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Towards an understanding of civil society organisations' involvement in monitoring and evaluation

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  • Gildemyn, Marie
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    The focus on Aid effectiveness and the adoption of aid modalities, such as budget support, has put the spotlight on Monitoring and Evaluation (M&E). Both donors and recipient countries are asked to reform their M&E system in line with the principles of the Paris Declaration and the Accra Agenda for Action. These reforms should improve country-led M&E systems and enable them to perform their dual function: 1) strengthening (domestic) accountability to ensure the implementation of programmes and policies, and, 2) provide feedback to improve programmes and policies. This paper will focus on one aspect of the M&E reforms: the involvement of Civil Society Organisations (CSOs) in M&E systems, either in an institutionalized or independent way. As a first step to understand how M&E in general, and CSO-led M&E in particular, can fulfil its dual function, the concepts of accountability and feedback will be unpacked drawing upon a broad range of literature. Theories around accountability provide insights about the ways in which CSOs can use M&E evidence to improve domestic accountability. Secondly, public policy analysis theories highlight the complex and non-linear character of policy-making and change. Thirdly, the literature on evaluation use and influence explains the different ways in which evaluation can influence policymakers (or not). Last, the literature on research - policy interface focuses on the different factors that are mediating the influence of CSO-led M&E on programmes and policies. Building further on the main elements of the literature discussed, the paper will then present a conceptual framework that aims to increase our understanding of CSOs' involvement in M&E in the current development context.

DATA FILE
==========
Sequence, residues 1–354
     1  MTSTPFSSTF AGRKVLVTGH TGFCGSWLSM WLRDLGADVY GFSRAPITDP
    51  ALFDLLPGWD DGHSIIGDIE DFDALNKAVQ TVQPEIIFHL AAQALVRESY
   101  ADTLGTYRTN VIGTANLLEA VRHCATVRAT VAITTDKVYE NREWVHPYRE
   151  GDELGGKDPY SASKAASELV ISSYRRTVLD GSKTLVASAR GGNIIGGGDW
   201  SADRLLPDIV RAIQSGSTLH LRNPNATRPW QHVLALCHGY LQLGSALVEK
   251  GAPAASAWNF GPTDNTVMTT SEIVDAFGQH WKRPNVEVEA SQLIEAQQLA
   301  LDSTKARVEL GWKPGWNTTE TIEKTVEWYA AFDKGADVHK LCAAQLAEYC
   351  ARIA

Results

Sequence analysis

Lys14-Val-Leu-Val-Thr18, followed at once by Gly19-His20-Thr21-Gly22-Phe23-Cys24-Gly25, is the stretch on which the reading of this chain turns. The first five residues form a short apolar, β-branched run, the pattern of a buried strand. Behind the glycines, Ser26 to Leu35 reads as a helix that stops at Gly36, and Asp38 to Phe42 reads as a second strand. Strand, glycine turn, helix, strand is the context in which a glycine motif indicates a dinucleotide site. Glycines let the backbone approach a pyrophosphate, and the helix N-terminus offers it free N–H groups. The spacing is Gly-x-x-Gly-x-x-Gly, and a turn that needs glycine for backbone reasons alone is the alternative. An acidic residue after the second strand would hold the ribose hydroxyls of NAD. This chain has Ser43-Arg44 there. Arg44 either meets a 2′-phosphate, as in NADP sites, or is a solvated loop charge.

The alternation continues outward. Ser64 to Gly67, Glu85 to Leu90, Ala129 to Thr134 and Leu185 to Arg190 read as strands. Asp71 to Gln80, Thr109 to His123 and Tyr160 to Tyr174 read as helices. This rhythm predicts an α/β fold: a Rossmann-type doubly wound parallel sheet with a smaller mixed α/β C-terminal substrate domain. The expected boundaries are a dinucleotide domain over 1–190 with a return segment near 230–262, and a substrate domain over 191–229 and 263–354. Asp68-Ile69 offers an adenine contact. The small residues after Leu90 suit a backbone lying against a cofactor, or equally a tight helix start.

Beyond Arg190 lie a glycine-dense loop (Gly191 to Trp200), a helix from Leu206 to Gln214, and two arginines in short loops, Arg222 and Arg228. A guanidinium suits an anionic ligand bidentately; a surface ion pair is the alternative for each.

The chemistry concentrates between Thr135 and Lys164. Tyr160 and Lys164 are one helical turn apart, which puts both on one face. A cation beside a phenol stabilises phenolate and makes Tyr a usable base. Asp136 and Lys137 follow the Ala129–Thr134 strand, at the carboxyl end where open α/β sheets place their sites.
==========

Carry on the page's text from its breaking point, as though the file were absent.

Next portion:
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    Paper provided by Universiteit Antwerpen, Institute of Development Policy (IOB) in its series IOB Discussion Papers with number 2011.03.

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    Length: 56 pages
    Date of creation: Jun 2011
    Handle: RePEc:iob:dpaper:2011003
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